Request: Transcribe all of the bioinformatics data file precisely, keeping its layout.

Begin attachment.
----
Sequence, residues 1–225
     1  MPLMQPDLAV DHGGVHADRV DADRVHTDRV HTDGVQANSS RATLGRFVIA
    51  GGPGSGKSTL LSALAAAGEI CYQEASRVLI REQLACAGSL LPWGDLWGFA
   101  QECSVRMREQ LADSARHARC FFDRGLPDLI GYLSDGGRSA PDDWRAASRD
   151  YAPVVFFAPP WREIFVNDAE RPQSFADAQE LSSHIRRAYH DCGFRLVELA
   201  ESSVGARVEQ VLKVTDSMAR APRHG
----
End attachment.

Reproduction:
Sequence, residues 1–225
     1  MPLMQPDLAV DHGGVHADRV DADRVHTDRV HTDGVQANSS RATLGRFVIA
    51  GGPGSGKSTL LSALAAAGEI CYQEASRVLI REQLACAGSL LPWGDLWGFA
   101  QECSVRMREQ LADSARHARC FFDRGLPDLI GYLSDGGRSA PDDWRAASRD
   151  YAPVVFFAPP WREIFVNDAE RPQSFADAQE LSSHIRRAYH DCGFRLVELA
   201  ESSVGARVEQ VLKVTDSMAR APRHG